ASHG 2015, Day 2: Top questions on the minds of NGS users


Day 2 of ASHG 2015 opened with a very interesting session on ASHG/ESHG Building Bridges, which focused on perceptions of clinical sequencing in the US and the EU. The 4-member panel included researchers from Columbia University, the US Food and Drug Administration (FDA), the Cyprus Institute of Neurology and Genetics and Our Lady’s Children’s Hospital, Dublin. The discussion revealed that in the US, the current focus is on making next-generation sequencing (NGS) a cost-effective tool and increasing its utility in clinical settings. There was a special emphasis on the fact that the NGS field is very young and we are still collecting data. Our knowledge on genetic variance and its role in disease will, naturally, become clearer as more data is gathered. Dr. Mansfield from the FDA discussed a plan to develop well-curated data for NGS analysis, along with an open-source bioinformatics tool that will be available for public use at no cost. In the EU, the approach to NGS leans toward caution. There’s a lot of emphasis on what to do with unsolicited findings, extensive patient counseling before testing and informed consent, in addition to making clinical accreditation mandatory for labs dealing with NGS. As of now, in the EU there are no specific regulations for NGS. There were many insightful questions from the audience as well, regarding the use of genetic testing as a pre-screening tool for drug trials and training programs for both physicians and patients about NGS applications.

During the afternoon, QIAGEN offered an educational program on NGS titled, “NGS Diagnostic Odyssey: From Bench to Bedside.” Yuval Itan, Ph.D. of Rockefeller University discussed how bioinformatic solutions transform NGS results into actionable hereditary disease insights. Ben Solomon, M.D. of Inova spoke on “Solving Diagnostic Odysseys in the Neonatal Intensive Care Unit Achieving Valuable Insight from a Single Cell Genome.” The event was a full house with some great follow-up discussion.

In the evening, the poster sessions ran from 4:30 p.m. to 7 p.m. The sessions featured many interesting posters on applying NGS for analysis of genetic variance and its association with diseases. Check at the end of this post for QIAGEN’s upcoming poster sessions!

As I spoke to researchers and attended various sessions, I found that there were some common concerns on the minds of many researchers who are working on NGS. The first is the cost of doing these experiments. Even though the cost of NGS to analyze a single sample has dropped significantly in the last couple of years, it is still a key factor – after all, even lowered costs add up as one increases sample size. Another concern was about genetic variability and what to do with variations of unknown significance. One speaker mentioned that only 2% of all genetic variance is useful for understanding disease. If that’s the case, is the cost of NGS technology justified? Another concern was accuracy of data interpretation, especially when we associate genetic variance with disease. How can this be standardized?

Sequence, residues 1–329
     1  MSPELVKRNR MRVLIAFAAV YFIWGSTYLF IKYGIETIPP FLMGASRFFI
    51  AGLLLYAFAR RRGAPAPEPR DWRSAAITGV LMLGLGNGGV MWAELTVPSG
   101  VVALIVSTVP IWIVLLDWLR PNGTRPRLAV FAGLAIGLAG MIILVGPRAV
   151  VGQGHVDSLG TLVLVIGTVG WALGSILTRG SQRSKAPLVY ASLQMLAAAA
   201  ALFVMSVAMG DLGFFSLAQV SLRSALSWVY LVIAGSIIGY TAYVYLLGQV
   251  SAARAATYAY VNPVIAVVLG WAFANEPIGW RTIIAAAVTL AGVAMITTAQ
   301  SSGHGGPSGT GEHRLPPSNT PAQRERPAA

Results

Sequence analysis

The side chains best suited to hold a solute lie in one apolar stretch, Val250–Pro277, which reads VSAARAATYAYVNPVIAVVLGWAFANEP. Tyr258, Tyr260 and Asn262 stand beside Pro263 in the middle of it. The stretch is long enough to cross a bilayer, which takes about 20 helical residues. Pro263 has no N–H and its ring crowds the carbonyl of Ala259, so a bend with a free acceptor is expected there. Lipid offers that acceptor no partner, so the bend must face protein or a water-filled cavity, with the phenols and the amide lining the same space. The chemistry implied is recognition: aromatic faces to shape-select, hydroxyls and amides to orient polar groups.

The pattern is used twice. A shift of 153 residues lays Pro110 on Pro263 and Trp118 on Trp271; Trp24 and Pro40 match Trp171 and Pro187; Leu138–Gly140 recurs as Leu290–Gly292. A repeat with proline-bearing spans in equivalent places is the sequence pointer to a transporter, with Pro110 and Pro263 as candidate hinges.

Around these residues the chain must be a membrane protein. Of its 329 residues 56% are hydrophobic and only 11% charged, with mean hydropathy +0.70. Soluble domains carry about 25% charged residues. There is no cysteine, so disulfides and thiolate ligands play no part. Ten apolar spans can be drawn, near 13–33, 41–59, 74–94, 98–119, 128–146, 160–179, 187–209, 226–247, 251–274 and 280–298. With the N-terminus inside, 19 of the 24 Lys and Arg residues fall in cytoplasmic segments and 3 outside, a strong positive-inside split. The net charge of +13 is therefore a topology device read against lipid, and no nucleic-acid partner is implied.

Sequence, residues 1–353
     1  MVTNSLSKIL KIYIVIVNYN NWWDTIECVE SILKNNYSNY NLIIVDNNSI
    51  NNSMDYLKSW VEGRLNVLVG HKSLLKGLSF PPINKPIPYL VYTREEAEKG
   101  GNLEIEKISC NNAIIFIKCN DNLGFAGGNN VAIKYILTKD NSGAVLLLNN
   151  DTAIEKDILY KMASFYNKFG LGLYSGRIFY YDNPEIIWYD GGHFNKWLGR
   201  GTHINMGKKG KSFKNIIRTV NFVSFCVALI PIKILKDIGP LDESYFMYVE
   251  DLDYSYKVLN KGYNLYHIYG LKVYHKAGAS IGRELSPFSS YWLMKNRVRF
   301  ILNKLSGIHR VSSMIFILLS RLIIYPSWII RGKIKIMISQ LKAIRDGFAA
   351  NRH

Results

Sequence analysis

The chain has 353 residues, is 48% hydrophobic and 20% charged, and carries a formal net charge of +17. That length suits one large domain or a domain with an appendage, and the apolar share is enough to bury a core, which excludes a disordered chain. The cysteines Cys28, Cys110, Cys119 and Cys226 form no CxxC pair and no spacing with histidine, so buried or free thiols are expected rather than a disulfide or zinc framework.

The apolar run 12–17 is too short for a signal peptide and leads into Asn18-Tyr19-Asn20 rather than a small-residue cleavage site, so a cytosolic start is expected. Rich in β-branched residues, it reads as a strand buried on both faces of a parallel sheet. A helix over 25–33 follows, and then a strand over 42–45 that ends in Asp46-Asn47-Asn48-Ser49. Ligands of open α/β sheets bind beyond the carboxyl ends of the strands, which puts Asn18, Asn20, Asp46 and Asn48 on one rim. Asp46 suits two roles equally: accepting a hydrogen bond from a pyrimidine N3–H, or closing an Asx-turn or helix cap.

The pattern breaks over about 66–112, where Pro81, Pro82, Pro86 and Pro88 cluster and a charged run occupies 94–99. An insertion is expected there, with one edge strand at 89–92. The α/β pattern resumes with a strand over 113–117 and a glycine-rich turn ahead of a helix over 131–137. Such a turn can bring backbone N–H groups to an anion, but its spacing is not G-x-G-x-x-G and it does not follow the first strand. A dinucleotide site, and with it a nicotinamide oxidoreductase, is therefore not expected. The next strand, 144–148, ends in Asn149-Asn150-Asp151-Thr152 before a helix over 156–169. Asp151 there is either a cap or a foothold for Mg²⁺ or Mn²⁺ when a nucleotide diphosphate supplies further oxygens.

So when you are designing your NGS experiments, what are your thoughts about cost, data analysis and interpretation? Let us know. To learn more about NGS, attend our webinar series on “Next-Generation Sequencing: overview of technology, application, data analysis and interpretation.” Sign up today!

More information on QIAGEN’s presence at ASHG 2015:

Booth 1621: Meet our experts on solutions for research with exosomes, FFPE, circulating nucleic acids and single cells.
Booth 1622: Meet our Bioinformatics team and ask for a demo of IVA, HGMD, the Biomedical Workbench, and QIAGEN Clinical Insight!

Thursday’s posters from QIAGEN (11 a.m.–1 p.m., Convention Center Hall E, Level 1):

– Rapid extraction of high yield, high quality DNA from tissue samples. Dominic O’Neil, 1901 T. Abstract here.
– An automatic end-to-end solution for disease-causing variant detection in rare and hereditary diseases with a high case solve rate and a much reduced false positive rate. Anika Joecker, 1610T, 12:00 p.m.–1:00 p.m.
– Genomic Crowdsourcing: Allele Frequency Community Provides Expansive, Ethnically Diverse, Freely Available Community Resource for Allele Frequency Annotation. Dan Richards, 1592T,12:00 p.m.–1:00 p.m.
– Ingenuity Variant Analysis, Leveraging the Knowledge Base and HGMD®, achieves over 30x enrichment in biologically relevant variants from whole genome and exome sequence data from patients with rare disease. Sohela Shah, 1913T,  11:00 a.m.–12:00 p.m.

Friday’s poster from QIAGEN (10:45 a.m.–12:45 p.m., Convention Center Hall E, Level 1):

– Development of a quantitative targeted RNA-seq methodology for use in differential gene expression analysis by Melanie Hussong, Matt Fosbrink and Eric Lader, 3191F. Check out the abstract here!



Krishnan Allampallam, Ph.D.

Senior Global Marketing Manager, Translational Sciences

Dr. Krishnan Allampallam has spent over 10 years in the biotechnology industry. Before beginning his career in biotech, Dr. Allampallam worked on pathophysiology of myelodysplastic syndrome and authored and co-authored multiple publications, abstracts and book chapters. He received his Ph.D. from University of Toledo Medical Center in 1996 and did post-doctoral research at The Cleveland Clinic and Rush University Medical Center. He has been at QIAGEN since 2008.

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